December 7, 2020
RE: Potential conflict of academic year 2021-2022 start date with Rosh Hashanah
Dear University Presidents,
We write on behalf of the undersigned organizations, to bring to your attention that the Jewish New Year of Rosh Hashanah coincides directly with the start of this upcoming academic year. Rosh Hashanah begins on the evening of Monday, September 6, 2021, and continues until Wednesday, September 8, 2021; Labor Day is September 6, 2021. This means that many Jewish students will likely miss all or part of the first two days of school, as many universities begin instruction on the Tuesday after Labor Day and many Jewish students believe that working or attending school on Rosh Hashanah conflicts with religious observance.
Many states have enacted religious accommodation laws to safeguard a student’s constitutional right to practice his/her religion. Even with such legal protections, students nevertheless face intangible obstacles, such as teachers not providing excused absences for missed classes or refusing extensions for required assignments. This is especially burdensome for Jewish students when Rosh Hashanah falls on the first day of school because that is when professors and students establish rapport and set the tone and expectations for the semester. These classes are critical for all students to attend, and even with religious accommodations in place, we are concerned that Jewish students may be penalized for their observance of Rosh Hashanah.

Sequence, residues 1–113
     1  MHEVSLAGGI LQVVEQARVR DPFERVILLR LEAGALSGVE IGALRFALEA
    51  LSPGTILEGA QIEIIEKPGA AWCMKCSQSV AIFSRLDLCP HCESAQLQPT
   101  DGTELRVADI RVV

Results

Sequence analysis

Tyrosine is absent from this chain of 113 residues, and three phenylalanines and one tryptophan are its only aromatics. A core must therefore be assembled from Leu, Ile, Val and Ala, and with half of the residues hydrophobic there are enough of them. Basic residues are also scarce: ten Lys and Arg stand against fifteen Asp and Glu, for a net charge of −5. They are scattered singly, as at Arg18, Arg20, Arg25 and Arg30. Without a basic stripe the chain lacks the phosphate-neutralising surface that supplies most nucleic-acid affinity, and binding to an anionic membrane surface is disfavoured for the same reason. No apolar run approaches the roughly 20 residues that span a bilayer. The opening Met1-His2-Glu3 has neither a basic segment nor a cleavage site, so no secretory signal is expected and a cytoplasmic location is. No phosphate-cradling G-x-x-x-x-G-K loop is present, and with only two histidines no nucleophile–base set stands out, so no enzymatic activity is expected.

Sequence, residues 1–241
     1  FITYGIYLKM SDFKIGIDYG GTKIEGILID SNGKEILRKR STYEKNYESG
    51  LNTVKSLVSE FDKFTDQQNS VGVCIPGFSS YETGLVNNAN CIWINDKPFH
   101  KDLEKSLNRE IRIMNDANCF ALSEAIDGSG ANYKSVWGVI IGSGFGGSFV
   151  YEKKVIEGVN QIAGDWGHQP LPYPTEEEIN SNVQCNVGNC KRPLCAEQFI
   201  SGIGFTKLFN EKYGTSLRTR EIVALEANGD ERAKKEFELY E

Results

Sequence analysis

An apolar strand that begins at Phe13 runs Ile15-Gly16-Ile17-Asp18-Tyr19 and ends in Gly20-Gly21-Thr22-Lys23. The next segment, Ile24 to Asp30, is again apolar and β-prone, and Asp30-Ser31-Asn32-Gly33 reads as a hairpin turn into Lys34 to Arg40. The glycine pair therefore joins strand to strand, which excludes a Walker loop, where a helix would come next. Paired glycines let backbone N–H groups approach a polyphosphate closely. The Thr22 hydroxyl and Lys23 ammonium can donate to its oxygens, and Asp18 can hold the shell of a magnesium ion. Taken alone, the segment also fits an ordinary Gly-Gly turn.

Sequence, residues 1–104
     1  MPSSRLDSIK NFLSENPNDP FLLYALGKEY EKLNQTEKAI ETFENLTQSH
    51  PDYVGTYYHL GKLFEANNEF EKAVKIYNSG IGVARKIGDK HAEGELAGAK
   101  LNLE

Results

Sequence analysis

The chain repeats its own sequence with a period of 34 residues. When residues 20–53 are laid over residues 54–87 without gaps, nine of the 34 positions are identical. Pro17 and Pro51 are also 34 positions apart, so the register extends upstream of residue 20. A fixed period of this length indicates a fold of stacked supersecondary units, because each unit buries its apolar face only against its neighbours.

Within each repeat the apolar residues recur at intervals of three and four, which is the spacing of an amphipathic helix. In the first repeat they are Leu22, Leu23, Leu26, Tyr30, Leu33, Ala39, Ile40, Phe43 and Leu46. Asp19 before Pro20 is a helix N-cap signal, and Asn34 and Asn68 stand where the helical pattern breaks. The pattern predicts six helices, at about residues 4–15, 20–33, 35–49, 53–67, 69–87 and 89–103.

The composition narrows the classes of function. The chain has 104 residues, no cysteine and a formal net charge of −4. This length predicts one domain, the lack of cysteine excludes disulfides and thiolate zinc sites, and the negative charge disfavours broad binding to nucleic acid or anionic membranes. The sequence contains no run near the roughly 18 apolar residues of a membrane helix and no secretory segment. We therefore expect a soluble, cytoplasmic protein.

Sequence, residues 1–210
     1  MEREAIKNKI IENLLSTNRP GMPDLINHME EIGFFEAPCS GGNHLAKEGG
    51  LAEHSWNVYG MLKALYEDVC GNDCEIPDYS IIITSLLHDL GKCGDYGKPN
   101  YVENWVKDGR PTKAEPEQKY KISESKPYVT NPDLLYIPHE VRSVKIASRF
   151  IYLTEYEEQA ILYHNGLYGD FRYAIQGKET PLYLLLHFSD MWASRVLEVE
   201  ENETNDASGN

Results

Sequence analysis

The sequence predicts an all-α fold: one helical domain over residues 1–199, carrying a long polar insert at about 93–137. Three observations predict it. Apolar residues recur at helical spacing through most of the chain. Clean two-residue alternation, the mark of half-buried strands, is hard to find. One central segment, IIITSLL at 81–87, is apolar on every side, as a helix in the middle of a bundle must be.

We encourage you to please take all necessary steps to ensure that the beginning of your fall 2021 semester does not conflict with Rosh Hashanah. At the very least, we ask you to educate your faculty on this above predicament and the necessity of religious accommodation so that Jewish students may properly observe Rosh Hashanah without being penalized academically by their absence.
We hope that, by bringing this matter to your attention so far in advance, this will better enable your planning and accommodation of this issue. We look forward to adding your university to a forthcoming published list of campuses taking concrete steps to accommodate Jewish students and prioritize their academic success. Please let us know if we can add you to this list by the end of March 2021.
We thank you for your time and consideration of this issue.